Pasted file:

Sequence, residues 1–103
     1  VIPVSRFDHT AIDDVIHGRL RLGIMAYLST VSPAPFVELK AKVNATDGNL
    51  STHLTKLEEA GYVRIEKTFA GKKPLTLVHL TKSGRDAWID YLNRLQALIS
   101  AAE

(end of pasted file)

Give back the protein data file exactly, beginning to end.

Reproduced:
Sequence, residues 1–103
     1  VIPVSRFDHT AIDDVIHGRL RLGIMAYLST VSPAPFVELK AKVNATDGNL
    51  STHLTKLEEA GYVRIEKTFA GKKPLTLVHL TKSGRDAWID YLNRLQALIS
   101  AAE